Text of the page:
Combined federal and state expenditures for Medicaid accounted for about 16 percent of U.S. health care spending in calendar year (CY) 2014, the most recent year for which historical data are available. In comparison, Medicare accounted for about 20 percent and private insurance accounted for about 33 percent of U.S. health care spending (CMS 2015).

For certain types of care, Medicaid accounts for a larger portion of total U.S. spending than any other type of payer. National Health Expenditures (NHE) data compiled by the Centers for Medicare & Medicaid Services Office of the Actuary show that in CY 2014, Medicaid financed 32 percent of nursing home care and 56 percent of the category of other health, residential, and personal care that includes a variety of home and community-based services (table 4 in CMS 2015). Another analysis that broke NHE data into different categories found that Medicaid accounted for 61 percent of all long-term services and supports (LTSS) spending in CY 2012, $134 billion out of a total $220 billion (O’Shaughnessy 2014). Medicaid pays for more than one quarter (27 percent) of all spending on mental health services and about one fifth (21 percent) of all spending on substance abuse treatment (SAMHSA 2013).

Medicaid and CHIP have increased as a share of U.S. health care spending over time, along with Medicare and private insurance; in contrast, the out-of-pocket and other third-party payer shares of spending have decreased (table 3 in CMS 2015). In addition, as health care has consumed a growing share of the nation’s economy, so have Medicaid and CHIP. Between CY 1970 and CY 2015, total U.S. health care spending increased from 6.9 percent of gross domestic product (GDP) to 17.8 percent; over the same period, Medicaid and CHIP spending increased from 0.5 percent of GDP to 3.1 percent (CMS analyses of national health expenditures here).

Similarly, the programs represent a growing portion of the federal budget, having increased from 1.4 percent of federal outlays in FY 1970 to 9.5 percent in FY 2015; in comparison, Medicare increased from 3 percent of federal outlays to 14.6 percent. (See analyses by the Office of Management and Budget, tables 8.1 and 8.5 2016.) Unlike Medicare, for which a substantial portion of federal spending is financed by dedicated revenue sources that include payroll taxes and enrollee premiums, federal spending for Medicaid and CHIP is financed by general revenues.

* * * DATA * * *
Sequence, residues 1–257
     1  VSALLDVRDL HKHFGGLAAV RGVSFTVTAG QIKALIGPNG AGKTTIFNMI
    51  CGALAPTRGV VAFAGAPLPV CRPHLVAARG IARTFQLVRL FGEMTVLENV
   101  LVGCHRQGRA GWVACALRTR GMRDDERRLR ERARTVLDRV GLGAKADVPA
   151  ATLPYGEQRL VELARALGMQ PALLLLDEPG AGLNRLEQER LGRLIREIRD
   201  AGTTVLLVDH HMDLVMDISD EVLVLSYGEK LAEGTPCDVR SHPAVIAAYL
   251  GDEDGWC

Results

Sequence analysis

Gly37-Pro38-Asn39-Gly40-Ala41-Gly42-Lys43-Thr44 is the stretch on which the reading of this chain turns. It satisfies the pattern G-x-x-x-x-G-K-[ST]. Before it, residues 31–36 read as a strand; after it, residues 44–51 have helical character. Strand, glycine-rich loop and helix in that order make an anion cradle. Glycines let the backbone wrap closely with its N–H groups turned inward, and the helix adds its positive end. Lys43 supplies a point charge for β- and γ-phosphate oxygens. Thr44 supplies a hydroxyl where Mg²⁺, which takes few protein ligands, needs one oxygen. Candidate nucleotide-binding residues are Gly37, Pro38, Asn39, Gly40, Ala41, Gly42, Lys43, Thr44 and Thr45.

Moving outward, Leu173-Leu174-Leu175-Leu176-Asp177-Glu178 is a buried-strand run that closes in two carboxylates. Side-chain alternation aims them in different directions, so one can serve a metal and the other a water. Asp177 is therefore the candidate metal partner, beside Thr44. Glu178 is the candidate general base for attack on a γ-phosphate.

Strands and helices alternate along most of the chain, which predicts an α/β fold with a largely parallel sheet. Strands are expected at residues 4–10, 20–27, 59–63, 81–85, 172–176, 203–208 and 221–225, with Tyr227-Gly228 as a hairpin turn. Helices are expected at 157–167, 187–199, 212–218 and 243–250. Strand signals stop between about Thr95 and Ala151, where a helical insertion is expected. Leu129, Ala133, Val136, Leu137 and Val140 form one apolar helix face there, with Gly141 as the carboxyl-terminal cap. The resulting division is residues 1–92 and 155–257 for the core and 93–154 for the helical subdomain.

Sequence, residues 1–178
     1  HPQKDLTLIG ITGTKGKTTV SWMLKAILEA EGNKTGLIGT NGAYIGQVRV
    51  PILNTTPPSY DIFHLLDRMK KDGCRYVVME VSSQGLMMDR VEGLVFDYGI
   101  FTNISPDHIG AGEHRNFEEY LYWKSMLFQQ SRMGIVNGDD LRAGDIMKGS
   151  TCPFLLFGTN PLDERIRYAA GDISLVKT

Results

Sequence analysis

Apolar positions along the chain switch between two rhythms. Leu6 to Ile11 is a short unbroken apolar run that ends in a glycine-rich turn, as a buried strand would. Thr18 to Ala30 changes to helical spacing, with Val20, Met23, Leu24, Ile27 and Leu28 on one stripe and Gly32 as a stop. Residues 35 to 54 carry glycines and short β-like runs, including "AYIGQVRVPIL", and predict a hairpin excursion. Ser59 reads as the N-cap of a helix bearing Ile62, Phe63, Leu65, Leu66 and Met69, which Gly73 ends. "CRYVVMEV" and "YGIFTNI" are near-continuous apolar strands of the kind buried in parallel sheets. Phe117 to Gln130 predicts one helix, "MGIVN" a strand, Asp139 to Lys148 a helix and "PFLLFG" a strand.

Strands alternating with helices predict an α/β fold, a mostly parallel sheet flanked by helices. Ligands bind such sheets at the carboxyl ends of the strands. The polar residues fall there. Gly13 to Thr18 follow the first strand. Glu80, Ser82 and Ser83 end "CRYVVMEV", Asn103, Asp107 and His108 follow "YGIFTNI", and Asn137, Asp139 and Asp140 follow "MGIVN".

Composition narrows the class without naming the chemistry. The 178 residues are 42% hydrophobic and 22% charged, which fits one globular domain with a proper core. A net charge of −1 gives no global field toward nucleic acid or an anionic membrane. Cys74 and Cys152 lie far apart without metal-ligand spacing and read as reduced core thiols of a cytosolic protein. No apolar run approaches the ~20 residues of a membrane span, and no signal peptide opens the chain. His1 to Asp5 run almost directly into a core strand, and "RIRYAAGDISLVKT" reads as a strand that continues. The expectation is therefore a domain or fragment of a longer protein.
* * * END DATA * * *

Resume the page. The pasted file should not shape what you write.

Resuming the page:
Medicaid accounts for a large share of state budgets, about 40 percent of state and local government spending on health care, and nearly half of state spending from federal funds (table 1 in CMS analysis of national health expenditure data and figure 8 in analysis by the National Association of State Budget Officers.) However, Medicaid’s share of state budgets varies substantially depending on how it is measured. Looking at total state budgets for state fiscal year (SFY) 2014 (including funds from all state and federal sources), Medicaid accounted for 25.6 percent of those budgets nationally. However, looking at the state-funded portion of state budgets for SFY 2014 (i.e., the portion that states must finance on their own through taxes and other means), Medicaid accounted for only 15.3 percent (MACStats table on state budgets).

For more information on Medicaid spending, see the following:

Medicaid Enrollment and Spending

Annual Growth in Medicaid Enrollment and Spending

Total Medicaid Benefit Spending by State and Category

Medicaid Benefit Spending per Full-Year Equivalent Enrollee by State and Eligibility Group

Medicaid Benefit Spending by State, Eligibility Group, and Dually Eligible Status

Distribution of Medicaid Benefit Spending by Eligibility Group and Service Category

Medicaid Spending by State, Category, and Source of Funds

Medicaid as a Share of States’ Total Budgets and State-Funded Budgets

Historical and Projected National Health Expenditures by Payer

National Health Expenditures by Type and Payer